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I'm using Linux and have an old P4 with about 3 GHz clock speed. Will a newer chip that had slower clock speed run my legacy applications faster or slower? I only use one application at a time, an old drawing program (windows app used in wine) that is unable to take advantage of multicore, and have no desire to run anything in the background.

For example - I was looking at used computer that was CORE 2 DUO 1.86GHZ. This is only half the clock speed, but a much newer chip. Will this run my single app faster or slower or about the same?

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unscientifically, a pentium M was about twice as fast as a system with roughly the same clockspeed, and the core and core2 family are a fair bit more advanced. – Journeyman Geek Oct 20 '11 at 7:19
up vote 11 down vote accepted

The clock speed is only partially in charge of 'how much stuff gets done' (a.k.a. 'work'). To compare 2 CPUs you should check out and find both your old and your new CPU and compare the results.

For example, a P4 with 3 GHz clock speed achieves a benchmark result of 491 (see here). the Core 2 Duo with 1.8 GHz clock speed achieves a result of 1115 (see here).

So, the Core 2 Duo is able to do more work in the same amount of time. With that in mind your drawing app should do calculations faster, and it will wait for your input much faster :) (it idles more since it finishes the tasks faster).

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does anyone know if this cpubenchmark's software is running a multi-core version or single core version of its algorithm? because if so, it would give an unfair disadvantage to a single core processor with regards to a single-core application. – user114558 Oct 20 '11 at 7:08
thats irrelevant. even if you personally don't want to use the nth-core of your new cpu, your system will happily use it for all kinds of things: keeping the system running, handling devices etc. – akira Oct 20 '11 at 7:10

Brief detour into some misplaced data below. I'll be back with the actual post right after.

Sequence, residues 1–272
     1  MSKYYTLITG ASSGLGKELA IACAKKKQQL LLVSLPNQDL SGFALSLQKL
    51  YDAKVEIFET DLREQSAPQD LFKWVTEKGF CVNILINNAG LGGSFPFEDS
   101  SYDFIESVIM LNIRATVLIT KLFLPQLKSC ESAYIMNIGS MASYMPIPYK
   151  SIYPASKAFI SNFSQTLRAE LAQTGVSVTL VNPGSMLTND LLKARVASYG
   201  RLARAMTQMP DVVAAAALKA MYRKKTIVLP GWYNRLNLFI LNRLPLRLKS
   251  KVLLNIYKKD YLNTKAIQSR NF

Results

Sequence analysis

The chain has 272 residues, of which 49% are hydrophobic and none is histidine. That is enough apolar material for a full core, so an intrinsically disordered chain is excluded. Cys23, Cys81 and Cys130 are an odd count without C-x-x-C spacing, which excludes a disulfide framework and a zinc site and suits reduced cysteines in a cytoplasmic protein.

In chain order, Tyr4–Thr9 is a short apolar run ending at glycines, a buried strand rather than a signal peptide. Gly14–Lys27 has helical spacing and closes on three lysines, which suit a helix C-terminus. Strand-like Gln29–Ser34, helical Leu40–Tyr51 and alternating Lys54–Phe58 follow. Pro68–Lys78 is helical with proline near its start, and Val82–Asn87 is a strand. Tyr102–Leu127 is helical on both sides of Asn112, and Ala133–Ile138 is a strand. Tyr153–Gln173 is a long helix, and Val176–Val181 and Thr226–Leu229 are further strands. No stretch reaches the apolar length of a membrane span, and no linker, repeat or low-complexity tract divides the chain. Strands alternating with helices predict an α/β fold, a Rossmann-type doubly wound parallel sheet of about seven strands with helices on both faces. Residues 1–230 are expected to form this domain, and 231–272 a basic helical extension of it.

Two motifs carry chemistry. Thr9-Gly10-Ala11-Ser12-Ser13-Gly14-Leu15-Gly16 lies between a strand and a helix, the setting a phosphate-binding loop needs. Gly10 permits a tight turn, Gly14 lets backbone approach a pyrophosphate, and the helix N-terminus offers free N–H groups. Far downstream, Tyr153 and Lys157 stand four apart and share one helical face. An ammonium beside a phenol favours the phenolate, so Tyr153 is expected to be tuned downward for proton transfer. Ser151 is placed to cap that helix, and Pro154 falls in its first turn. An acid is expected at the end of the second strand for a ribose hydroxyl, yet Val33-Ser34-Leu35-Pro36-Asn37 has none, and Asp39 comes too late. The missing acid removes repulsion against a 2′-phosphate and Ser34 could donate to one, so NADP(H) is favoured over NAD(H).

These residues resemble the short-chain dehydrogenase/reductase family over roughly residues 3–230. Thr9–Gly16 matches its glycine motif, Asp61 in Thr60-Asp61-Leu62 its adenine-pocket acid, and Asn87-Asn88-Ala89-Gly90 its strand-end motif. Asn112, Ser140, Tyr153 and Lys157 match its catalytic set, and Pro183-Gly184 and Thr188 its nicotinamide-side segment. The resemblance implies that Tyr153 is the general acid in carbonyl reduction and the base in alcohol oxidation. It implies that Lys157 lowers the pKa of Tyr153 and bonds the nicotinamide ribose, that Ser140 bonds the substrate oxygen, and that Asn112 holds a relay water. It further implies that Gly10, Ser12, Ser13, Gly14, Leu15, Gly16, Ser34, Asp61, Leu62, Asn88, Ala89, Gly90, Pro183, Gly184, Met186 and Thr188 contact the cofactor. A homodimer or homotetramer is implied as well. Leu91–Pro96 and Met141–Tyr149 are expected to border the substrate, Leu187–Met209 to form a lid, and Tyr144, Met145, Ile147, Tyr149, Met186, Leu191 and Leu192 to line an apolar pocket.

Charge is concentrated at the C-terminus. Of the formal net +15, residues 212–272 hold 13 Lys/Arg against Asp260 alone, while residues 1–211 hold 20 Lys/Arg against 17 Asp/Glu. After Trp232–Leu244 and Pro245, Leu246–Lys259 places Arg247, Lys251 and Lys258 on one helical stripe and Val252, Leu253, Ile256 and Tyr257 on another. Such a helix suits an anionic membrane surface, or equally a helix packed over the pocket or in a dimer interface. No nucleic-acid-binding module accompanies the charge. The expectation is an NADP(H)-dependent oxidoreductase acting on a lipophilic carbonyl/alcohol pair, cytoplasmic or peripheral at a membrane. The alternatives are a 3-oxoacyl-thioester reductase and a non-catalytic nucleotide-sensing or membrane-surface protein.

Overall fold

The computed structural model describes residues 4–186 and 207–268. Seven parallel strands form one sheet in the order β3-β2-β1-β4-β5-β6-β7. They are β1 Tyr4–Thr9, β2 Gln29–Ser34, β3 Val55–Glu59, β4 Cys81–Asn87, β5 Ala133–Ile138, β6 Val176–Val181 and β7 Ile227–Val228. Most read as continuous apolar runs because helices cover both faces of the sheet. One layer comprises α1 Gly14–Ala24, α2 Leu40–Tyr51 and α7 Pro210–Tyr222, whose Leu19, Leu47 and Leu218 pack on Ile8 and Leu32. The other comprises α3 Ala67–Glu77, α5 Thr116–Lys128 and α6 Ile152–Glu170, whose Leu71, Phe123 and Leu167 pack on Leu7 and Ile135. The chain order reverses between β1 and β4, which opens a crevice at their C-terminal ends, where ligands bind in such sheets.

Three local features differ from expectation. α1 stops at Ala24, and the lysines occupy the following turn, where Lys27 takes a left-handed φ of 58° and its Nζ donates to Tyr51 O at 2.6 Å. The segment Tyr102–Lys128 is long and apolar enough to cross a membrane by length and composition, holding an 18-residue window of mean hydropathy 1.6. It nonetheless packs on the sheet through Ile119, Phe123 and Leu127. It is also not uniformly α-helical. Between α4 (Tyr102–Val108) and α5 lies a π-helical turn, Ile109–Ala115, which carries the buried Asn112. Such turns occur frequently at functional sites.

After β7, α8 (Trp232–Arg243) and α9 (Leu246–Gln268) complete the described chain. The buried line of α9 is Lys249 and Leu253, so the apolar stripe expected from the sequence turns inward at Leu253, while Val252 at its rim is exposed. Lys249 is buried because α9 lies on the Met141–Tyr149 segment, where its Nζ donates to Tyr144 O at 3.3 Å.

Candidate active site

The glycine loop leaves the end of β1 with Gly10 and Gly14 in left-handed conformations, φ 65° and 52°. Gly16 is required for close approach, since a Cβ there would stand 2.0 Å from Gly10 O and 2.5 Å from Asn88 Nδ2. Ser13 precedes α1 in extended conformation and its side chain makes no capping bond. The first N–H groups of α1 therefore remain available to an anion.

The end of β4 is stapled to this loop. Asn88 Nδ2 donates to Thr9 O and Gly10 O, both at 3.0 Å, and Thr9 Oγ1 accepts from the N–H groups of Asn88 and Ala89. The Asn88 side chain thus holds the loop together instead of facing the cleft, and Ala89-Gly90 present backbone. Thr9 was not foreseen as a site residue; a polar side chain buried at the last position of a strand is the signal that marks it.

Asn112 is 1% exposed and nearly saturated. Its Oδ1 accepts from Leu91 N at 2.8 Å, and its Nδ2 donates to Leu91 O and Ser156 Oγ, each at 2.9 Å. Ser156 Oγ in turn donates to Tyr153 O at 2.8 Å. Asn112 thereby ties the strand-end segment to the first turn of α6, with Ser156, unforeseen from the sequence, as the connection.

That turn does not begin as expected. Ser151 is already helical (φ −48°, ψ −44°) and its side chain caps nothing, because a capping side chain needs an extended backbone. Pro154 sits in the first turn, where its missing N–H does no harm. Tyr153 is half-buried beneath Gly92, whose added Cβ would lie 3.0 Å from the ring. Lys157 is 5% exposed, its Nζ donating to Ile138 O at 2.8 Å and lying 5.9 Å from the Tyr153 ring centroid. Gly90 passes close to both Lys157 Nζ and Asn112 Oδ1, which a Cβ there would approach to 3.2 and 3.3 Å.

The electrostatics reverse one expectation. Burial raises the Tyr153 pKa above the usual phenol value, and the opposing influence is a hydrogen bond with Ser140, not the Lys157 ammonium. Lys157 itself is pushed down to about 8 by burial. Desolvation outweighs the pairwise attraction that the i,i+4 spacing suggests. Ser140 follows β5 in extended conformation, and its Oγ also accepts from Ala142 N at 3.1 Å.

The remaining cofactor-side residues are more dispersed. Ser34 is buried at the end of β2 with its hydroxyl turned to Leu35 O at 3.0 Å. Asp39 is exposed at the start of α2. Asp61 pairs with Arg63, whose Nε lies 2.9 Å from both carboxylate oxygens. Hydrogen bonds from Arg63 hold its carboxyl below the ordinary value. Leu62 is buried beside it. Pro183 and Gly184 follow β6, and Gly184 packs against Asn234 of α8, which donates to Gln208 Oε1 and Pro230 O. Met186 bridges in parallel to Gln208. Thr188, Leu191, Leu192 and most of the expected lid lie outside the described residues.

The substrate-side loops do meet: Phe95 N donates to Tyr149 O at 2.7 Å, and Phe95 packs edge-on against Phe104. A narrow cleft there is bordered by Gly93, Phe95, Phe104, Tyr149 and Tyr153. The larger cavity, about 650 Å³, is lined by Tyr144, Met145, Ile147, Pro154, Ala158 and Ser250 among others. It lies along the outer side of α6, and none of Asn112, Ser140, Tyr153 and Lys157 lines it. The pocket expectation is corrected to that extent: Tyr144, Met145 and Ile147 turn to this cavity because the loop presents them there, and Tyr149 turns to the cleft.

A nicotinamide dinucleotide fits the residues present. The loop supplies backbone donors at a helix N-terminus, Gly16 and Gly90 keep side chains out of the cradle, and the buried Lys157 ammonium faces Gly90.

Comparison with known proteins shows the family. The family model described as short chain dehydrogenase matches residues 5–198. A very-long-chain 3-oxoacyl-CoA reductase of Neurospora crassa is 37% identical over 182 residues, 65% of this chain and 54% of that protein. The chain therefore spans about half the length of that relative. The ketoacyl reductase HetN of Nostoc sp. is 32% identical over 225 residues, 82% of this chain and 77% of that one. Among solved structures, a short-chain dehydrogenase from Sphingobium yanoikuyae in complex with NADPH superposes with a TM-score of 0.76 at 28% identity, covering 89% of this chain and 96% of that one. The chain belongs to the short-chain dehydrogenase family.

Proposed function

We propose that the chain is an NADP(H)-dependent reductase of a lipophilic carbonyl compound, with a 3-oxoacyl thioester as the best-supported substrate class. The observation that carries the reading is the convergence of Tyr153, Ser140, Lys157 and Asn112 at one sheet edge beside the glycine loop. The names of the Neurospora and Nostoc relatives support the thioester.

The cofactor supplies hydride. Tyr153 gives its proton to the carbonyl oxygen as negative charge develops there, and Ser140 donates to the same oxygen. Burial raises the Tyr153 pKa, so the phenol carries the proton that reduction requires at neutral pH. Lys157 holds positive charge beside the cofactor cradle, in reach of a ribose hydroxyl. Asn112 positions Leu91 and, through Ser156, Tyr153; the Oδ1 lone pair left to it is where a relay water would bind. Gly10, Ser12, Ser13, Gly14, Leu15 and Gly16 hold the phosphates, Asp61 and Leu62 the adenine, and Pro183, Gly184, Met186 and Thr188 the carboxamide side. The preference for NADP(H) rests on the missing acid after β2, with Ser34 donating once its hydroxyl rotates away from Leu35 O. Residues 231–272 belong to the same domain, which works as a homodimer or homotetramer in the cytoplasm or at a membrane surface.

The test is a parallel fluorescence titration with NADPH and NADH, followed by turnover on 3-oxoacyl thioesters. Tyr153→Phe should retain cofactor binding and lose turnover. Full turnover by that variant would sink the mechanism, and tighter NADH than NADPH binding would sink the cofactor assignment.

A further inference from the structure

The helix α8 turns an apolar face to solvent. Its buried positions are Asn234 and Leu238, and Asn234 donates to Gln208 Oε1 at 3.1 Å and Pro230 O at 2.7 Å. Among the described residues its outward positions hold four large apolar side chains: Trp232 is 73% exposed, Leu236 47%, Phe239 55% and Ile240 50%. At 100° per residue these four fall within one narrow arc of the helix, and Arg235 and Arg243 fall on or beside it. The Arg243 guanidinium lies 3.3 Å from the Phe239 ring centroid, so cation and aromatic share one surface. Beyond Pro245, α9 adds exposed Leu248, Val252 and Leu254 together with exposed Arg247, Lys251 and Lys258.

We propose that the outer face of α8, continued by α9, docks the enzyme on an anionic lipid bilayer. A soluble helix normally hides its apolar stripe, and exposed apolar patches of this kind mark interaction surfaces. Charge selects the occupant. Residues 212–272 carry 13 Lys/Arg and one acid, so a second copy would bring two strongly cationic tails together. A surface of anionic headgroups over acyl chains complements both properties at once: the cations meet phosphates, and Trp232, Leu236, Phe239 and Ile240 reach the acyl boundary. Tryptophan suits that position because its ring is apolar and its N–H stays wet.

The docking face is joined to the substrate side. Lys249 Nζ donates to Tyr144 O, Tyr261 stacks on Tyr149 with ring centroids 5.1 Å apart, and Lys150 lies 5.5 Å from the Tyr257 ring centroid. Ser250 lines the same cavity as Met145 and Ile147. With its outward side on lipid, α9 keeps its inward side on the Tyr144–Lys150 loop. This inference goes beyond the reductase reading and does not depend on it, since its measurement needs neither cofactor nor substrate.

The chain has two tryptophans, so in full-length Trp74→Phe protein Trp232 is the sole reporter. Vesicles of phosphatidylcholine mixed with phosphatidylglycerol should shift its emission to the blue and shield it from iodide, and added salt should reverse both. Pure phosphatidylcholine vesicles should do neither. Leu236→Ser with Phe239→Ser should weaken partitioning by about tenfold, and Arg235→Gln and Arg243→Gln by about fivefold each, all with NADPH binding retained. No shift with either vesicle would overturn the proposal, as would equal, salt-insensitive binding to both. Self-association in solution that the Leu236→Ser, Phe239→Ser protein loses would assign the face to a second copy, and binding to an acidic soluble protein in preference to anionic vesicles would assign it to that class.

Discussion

cpubenchmark is pretty bad imo. you should take a look at cpu-world instead – Marcus Ekwall Oct 20 '11 at 8:11
Just above the Pentium 4 result of 491 is the Core 2 Solo 1.4GHz result of 501, so the OP should get at least a 30% speed improvement with a 1.86GHz Core 2 Duo, even if one core is completely inactive. – Mark Booth Oct 20 '11 at 11:23

As been pointed out already, clock rate has very little to do with how well a CPU performs. It all comes down to how many clock cycles that is necessary to execute a given instruction. This is called CPI (Cycles Per Instruction), and it's what measures a CPUs performance.

So even though the Pentium 4 has a much higher clock rate it will be greatly outperformed by the much newer and more advanced Core2Duo.

If you want to crunch some numbers you should check out CPU Worlds benchmarking database.

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As others have said, clock rate is only marginally useful at best when comparing different CPUs. If you are comparing different versions of the same CPU, then yes faster is, well, faster. :)

As for the "I don't need no stinkin' multi-cores" issue, yes, you do. :) Even if YOU are not actively doing multiple tasks, your operating system has many other responsibilities to perform that will greatly benefit from multiple cores. Would you rather your computer be doing what you told it to do, or doing one of it's background tasks like memory management, file indexing, virus scanning or printing? Maybe you don't need quad cores, but I wouldn't suggest springing for anything less than a dual core processor.

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If he's using an old kernel distribution of Linux, then it wouldn't benefit (or he wouldn't even be able to use) the multiple cores. – HaydnWVN Nov 1 '11 at 13:50

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